In terms of mass, most of the sea-salt aerosols are in the 1 -10 micron diameter size-range, which persist in the atmosphere for only a few hours to a few days. Many smaller submicron-sized aerosols are also generated and, depending on meteorological conditions, these aerosols persist in the atmosphere for a week or more. Depending on their size and associated atmospheric lifetime, oceanic aerosols can be transported great distances and undergo significant chemical changes in their composition. For example, although sea salt aerosols start off at a slightly alkaline pH of 8 (which is roughly the same pH as a solution of baking soda), within minutes they pick up gas phase acids (primarily nitric and sulfuric) and become very acidic (pH 3-5, lemon juice is approximately pH 4). Because they accumulate acids over longer lifetimes, the pH of submicron aerosols is typically even lower. The low pH and interaction with sunlight cause additional chemical changes in the aerosols, which are thought to significantly influence atmospheric ozone concentrations, sulfur cycling, radiation balance and climate, and trace-metal fertilization of the surface ocean. While the scientific community is well aware that chemical changes will occur in sea-salt aerosols during their atmospheric lifetime, the details of these chemical changes are poorly known.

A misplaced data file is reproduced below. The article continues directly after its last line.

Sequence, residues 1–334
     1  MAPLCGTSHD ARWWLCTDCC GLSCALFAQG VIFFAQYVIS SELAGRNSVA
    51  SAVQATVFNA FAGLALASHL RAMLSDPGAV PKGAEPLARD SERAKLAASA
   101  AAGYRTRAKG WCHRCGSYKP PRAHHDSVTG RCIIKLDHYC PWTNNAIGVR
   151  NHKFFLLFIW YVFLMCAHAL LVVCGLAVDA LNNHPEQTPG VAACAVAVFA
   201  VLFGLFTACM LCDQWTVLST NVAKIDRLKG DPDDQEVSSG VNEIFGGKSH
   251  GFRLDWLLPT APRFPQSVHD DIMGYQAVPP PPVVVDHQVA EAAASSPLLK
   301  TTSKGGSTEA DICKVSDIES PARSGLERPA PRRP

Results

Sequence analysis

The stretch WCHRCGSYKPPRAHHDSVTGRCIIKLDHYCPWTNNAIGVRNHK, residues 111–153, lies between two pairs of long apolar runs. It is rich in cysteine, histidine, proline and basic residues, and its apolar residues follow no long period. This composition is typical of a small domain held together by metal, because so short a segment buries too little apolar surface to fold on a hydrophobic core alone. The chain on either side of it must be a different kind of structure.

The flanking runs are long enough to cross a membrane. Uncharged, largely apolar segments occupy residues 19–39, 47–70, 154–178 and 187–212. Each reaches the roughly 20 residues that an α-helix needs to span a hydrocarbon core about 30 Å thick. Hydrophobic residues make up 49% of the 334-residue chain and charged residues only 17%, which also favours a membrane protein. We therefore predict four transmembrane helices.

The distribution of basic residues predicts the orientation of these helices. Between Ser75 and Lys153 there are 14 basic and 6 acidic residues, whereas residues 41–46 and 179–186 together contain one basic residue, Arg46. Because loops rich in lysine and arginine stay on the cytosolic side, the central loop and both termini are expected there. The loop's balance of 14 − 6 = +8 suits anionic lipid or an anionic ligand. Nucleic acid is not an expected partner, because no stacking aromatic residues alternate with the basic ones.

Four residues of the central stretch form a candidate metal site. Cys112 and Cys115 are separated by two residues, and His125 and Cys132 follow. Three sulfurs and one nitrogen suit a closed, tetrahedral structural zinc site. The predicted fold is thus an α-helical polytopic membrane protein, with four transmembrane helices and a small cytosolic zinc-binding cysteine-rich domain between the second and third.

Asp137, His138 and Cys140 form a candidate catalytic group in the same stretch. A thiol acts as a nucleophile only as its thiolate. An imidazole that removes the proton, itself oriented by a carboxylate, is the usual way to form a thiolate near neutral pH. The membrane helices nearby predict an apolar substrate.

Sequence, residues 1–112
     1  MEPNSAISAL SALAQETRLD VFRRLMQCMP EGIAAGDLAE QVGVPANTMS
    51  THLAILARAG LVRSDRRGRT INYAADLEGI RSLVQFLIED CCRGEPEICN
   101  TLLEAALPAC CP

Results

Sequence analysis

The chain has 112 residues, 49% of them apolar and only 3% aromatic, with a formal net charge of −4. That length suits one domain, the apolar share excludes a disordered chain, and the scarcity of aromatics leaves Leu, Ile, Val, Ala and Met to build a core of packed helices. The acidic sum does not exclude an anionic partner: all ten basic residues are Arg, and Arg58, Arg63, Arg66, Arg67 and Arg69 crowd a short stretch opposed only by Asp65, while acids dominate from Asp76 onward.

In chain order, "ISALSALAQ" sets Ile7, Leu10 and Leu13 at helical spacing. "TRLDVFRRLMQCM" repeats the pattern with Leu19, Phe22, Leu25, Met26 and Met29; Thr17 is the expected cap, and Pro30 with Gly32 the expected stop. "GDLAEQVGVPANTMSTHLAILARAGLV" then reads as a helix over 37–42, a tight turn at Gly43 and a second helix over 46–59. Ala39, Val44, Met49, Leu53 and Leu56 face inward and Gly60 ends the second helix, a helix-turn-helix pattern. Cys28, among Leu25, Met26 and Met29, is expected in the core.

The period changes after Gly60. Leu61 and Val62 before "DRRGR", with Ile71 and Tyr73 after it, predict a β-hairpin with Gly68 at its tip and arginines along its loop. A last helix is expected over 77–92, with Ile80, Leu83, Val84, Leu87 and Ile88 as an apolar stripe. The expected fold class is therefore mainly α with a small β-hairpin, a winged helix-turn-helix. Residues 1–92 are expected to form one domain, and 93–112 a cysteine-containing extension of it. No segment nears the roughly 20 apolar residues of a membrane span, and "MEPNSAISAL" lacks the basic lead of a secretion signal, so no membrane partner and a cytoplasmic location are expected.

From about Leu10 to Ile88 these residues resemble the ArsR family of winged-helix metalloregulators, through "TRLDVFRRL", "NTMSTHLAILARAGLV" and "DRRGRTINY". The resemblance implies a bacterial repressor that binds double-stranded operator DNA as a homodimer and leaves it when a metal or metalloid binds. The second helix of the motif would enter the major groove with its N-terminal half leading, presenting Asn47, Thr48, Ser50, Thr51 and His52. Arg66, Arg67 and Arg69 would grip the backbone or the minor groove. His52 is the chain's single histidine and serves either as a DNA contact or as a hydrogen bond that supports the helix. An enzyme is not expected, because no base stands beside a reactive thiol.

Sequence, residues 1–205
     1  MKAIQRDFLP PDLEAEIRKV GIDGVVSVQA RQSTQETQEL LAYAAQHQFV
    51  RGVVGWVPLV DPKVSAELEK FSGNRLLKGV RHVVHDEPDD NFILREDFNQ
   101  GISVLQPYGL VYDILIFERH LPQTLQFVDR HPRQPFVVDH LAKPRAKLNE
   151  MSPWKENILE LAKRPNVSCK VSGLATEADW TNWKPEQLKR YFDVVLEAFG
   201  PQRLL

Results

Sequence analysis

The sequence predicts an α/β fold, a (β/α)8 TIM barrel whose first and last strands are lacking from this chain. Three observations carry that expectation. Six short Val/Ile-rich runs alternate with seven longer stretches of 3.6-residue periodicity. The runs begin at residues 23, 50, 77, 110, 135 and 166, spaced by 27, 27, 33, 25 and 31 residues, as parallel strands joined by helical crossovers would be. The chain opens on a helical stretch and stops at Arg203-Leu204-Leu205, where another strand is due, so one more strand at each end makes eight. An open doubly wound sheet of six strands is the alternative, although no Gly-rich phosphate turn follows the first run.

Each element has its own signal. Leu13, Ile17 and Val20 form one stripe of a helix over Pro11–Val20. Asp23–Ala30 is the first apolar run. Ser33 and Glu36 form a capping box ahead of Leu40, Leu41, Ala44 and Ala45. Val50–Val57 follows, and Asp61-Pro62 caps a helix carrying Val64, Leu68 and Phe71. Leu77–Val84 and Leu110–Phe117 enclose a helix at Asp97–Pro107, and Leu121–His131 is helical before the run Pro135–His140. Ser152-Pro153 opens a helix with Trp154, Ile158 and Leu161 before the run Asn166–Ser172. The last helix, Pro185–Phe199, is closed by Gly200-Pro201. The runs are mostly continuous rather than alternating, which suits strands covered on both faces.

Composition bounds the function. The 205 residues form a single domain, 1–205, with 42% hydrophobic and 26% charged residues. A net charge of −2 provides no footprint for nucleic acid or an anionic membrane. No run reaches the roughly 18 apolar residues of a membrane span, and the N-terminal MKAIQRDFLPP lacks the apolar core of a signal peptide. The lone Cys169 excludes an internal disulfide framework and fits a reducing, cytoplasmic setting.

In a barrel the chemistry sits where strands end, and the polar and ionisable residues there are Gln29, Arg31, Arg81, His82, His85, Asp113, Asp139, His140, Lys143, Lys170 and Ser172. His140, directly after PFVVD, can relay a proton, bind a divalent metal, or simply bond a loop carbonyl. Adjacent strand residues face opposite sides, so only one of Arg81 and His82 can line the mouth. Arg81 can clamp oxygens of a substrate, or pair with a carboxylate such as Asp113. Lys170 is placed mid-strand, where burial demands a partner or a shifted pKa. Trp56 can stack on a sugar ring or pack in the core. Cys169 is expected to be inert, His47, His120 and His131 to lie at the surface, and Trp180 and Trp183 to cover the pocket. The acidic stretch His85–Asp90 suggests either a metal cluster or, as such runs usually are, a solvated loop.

My colleagues at the University of Virginia (William Keene, wck@virginia.edu), Wadsworth Center, New York State Department of Health and School of Public Health of SUNY at Albany (Xianliang Zhou), Max Planck Institute for Chemistry (Rolf Sander), and University of Miami Rosenstiel School of Marine and Atmospheric Science (Hal Maring) and I (David Kieber) proposed a three-year field and modeling study to better understand the chemical changes that occur in sea-salt aerosols as they are exposed to sunlight. This project was comprised of two phases. The first phase was conducted at the Bermuda Institute for Ocean Sciences over the past two years. At this facility, we were able to test a large, sea salt aerosol generator (Images 1, 2 & 3), fabricated at the University of Virginia, to determine the physical and chemical properties of the sea-salt aerosols that were freshly generated from bursting bubbles. The aerosol samples that were collected were diluted in water and exposed to sunlight to quantify the production of reactive oxygen species (ROS) and to assess their impact on the processing of the organic matter in the aerosols. The amount of ROS that are produced in our studies will be compared to other known sources and chemical processes in the lower atmosphere employing a Model of Chemistry Considering Aerosols (MOCCA).